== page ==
A viennese library in exile
Otto Neurath and the heritage of central European culture in the Anglo-saxon world
Otto Neurath experienced an adventurous as well as dangerous life. Already in his childhood, he was fascinated by his father's huge library. He was especially impressed by images and illustrations since Ancient times and the French Encyclopédie, which inspired his lifelong dealing with picture language. This became manifest with the founding of his "Social and Economic Museum of Vienna" and the invention of his "Vienna Method of Pictorial Language," later on renamed ISOTYPE. In the flourishing period of "Red Vienna" he acquired a lot of books in several languages covering his research fields and practical activities as a social reformer, teacher and museologist, philosopher, sociologist and historian of science. With his forced migrations from Vienna and The Hague, this most valuable collection of books and brochures was partly destroyed, dispersed, and aryanized, when Austro-Fascism came into power in Austria and Hitler's troops invaded into the Netherlands. Luckily, Otto Neurath and some members of his family and collaborators could survive and save parts of this unique collection of books which mirrors the education and intellectual background of the polymath Neurath in Dutch and British exile. Here, he again bought and published books continuing his activities for the Vienna Circle of Logical Empiricism as well as the Unity of Science and the Isotype movements covering some 3000 books in 1945. Three typical case studies from the Neurath library are provided covering economics, philosophy, and literature: Neurath's annotations in books of Friedrich A. von Hayek, Karl Popper, and the writer Stefan Zweig.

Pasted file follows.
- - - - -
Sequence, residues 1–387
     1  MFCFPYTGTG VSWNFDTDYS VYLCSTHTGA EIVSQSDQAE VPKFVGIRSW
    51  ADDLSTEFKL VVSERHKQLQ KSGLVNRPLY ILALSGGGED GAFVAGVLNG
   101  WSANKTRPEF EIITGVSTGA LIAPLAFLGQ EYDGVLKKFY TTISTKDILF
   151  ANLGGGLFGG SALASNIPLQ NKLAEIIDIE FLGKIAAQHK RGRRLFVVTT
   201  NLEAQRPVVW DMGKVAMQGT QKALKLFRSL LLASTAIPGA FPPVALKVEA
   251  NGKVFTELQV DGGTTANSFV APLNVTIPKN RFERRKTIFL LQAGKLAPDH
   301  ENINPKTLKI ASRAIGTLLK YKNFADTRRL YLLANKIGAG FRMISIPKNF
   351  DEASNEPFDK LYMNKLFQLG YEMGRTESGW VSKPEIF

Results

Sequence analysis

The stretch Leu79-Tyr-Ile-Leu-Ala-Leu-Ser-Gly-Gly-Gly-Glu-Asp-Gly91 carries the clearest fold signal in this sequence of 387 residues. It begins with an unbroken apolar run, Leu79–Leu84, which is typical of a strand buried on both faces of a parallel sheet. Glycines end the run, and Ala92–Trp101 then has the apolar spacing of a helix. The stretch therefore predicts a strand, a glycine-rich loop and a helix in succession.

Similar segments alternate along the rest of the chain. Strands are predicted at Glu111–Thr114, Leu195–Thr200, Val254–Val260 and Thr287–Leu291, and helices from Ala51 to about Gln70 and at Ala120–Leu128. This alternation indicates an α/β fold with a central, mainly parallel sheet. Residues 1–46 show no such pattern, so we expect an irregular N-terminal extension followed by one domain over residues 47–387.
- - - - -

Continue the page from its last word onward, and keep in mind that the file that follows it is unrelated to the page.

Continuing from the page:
Stadler, F. (2019)., A viennese library in exile: Otto Neurath and the heritage of central European culture in the Anglo-saxon world, in J. Cat & A. Tuboly (eds.), Neurath reconsidered, Dordrecht, Springer, pp. 23-44.
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